* ADP report weaker than expected, weighs on dollar
* U.S. service sector data shows weak employment index
* Japan PM's growth strategy disappoints markets
* Focus firmly on Friday's U.S. jobs data
By Julie Haviv
NEW YORK, June 5 The dollar fell broadly on
Wednesday as reports showing weaker-than-expected U.S. private
employment growth last month and a modest rise in factory
activity lowered chances the Federal Reserve may wind down its
stimulus program any time soon.
The U.S. currency had risen in recent sessions on the view
that the run of upbeat economic data over the last month could
prompt the Fed to taper its $85 billion per month quantitative
easing program, a mechanism viewed as negative for the greenback
as it is tantamount to printing money.
But the moderate pace of hiring seen in May's private-sector
jobs report and the decline in the employment index of a U.S.
services sector report may prevent the Fed from paring back the
scale of its QE stimulus policy.
The Federal Reserve's Beige Book, due to be released at 2
p.m. (1800 GMT), could provide clues to whether the Fed is
moving closer to reducing its monthly bond purchases.
Earlier in the session, the ADP National Employment Report
showed that U.S. private employers added fewer jobs than
The ADP report was followed by the non-manufacturing survey
of the Institute for Supply Management, which indicated that its
employment index fell to its lowest since July 2012. However,
investors were more focused on the government's broader U.S.
jobs data for May to be released on Friday.
The ISM data "sits with our current view that the labor
market is unlikely to match earlier-in-the-year gains that could
spur a tapering of Fed policy," said Andrew Wilkinson, chief
economic strategist at Miller Tabak & Co in New York.
The U.S. dollar fell as low as 98.95 yen in early afternoon
North American trading as investors sought the safety of Japan's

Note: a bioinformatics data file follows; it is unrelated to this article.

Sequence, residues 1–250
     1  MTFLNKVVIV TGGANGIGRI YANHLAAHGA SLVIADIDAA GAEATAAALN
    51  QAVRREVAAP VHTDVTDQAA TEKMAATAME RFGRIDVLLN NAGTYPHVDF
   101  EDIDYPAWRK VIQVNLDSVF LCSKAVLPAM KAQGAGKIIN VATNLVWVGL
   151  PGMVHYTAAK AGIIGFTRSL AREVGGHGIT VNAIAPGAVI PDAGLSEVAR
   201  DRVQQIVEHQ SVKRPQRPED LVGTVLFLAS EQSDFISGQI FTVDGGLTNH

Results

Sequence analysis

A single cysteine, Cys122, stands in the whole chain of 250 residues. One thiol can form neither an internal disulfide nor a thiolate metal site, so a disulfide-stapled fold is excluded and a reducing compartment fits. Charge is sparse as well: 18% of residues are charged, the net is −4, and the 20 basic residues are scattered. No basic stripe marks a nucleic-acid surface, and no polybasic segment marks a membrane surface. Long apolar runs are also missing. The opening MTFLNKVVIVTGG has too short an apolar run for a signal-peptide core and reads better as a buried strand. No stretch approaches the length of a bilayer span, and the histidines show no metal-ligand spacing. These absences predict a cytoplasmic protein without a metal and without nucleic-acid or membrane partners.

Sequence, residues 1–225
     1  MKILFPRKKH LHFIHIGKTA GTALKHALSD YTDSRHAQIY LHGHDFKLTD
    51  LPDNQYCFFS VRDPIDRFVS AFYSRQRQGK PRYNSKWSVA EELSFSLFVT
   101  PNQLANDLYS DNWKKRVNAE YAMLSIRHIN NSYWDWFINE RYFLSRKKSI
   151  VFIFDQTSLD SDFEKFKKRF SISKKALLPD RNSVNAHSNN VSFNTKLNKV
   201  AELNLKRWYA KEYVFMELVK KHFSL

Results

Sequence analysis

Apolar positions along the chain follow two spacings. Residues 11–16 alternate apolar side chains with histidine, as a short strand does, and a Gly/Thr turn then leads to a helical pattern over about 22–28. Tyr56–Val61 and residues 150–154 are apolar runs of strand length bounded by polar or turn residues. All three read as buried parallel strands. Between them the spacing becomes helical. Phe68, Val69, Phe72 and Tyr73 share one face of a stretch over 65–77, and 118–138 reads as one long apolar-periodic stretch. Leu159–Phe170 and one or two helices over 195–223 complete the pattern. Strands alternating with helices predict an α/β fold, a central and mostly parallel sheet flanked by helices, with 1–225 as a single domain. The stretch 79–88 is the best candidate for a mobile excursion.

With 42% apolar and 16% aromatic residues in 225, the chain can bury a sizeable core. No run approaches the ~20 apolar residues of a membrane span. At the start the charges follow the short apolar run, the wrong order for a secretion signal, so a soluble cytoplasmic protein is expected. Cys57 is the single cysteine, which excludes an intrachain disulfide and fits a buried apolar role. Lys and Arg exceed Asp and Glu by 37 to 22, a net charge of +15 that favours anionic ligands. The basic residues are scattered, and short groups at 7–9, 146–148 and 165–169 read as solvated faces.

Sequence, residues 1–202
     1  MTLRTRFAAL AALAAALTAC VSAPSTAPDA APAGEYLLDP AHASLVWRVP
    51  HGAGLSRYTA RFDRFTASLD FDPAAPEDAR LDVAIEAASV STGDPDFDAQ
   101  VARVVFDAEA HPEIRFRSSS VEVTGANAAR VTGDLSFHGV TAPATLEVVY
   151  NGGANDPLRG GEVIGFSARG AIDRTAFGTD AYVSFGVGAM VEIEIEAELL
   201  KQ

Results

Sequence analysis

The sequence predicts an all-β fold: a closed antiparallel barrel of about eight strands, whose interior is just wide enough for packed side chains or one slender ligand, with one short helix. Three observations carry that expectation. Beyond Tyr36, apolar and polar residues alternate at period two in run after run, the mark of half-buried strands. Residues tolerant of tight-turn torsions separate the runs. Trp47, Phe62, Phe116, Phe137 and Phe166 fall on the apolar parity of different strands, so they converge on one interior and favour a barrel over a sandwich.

currency amid a general retreat from risky assets.
Wall Street stock indexes traded sharply lower, while U.S.
Treasuries gained smartly as nervousness prevailed ahead of the
Labor Department's nonfarm payrolls report, which some fear
could disappoint following the softer-than-expected ADP data.
The dollar last traded at 99.28 yen, down 0.7
percent. The greenback has weakened in five of the past six
sessions versus the Japanese currency and traded below its
50-day moving average twice this week.
Some analysts are convinced the Fed could start reducing its
asset purchases at the end of the year and the
softer-than-forecast ADP number has not altered their view.
Dean Popplewell, chief currency strategist at forex broker
OANDA in Toronto, noted that over the last 10 months, the ADP
number was below the U.S. payrolls figure eight times, missing
estimates by about 37,000 jobs.
"There's a wide variance between the ADP number and the
actual payrolls figure, so I don't think we would see changes in
jobs forecasts for most banks," Popplewell said. "And I don't
believe the ADP would change the Fed's tapering plan if that is
in the works."
Earlier in the day, the yen gained traction after a pledge
by Japanese Prime Minister Shinzo Abe to raise incomes
disappointed markets due to a lack of detail. His comments
weighed on Japanese shares. Stocks in Europe
Dollar/yen at 98.60 could provide important support,
according to David Rodriguez, quantitative strategist at DailyFX
in New York.
"We'll nonetheless look for signs of potentially substantial
market panic as a key reason to sell the dollar/yen, and indeed
that remains our favorite trade in the week ahead," he said. "It
feels like markets are on the verge of something huge."
The euro, meanwhile, last traded up 0.1 percent at $1.3088
, not far from the session high above $1.31 reached after
the U.S. private-sector jobs report.
Investors overall were wary before a European Central Bank
decision on Thursday. The ECB is expected to leave interest
rates unchanged, but weak data on euro zone services sector
activity suggested an economic recovery was some way off and
kept alive the chances of further easing.
The Australian dollar fell to its lowest in more than 1-1/2
years against the greenback as traders broke through an options
barrier on the downside a day after the Reserve Bank of
Australia left the door open for more easing.
Traders said market participants broke through the barrier
at US$0.9525. The low on the Aussie was posted at US$0.9509
, its weakest level since October 2011. The Aussie dollar
last traded at US$0.9522, down 1.3 percent.
On Tuesday, the RBA held rates steady at 2.75 percent but
said it could ease again.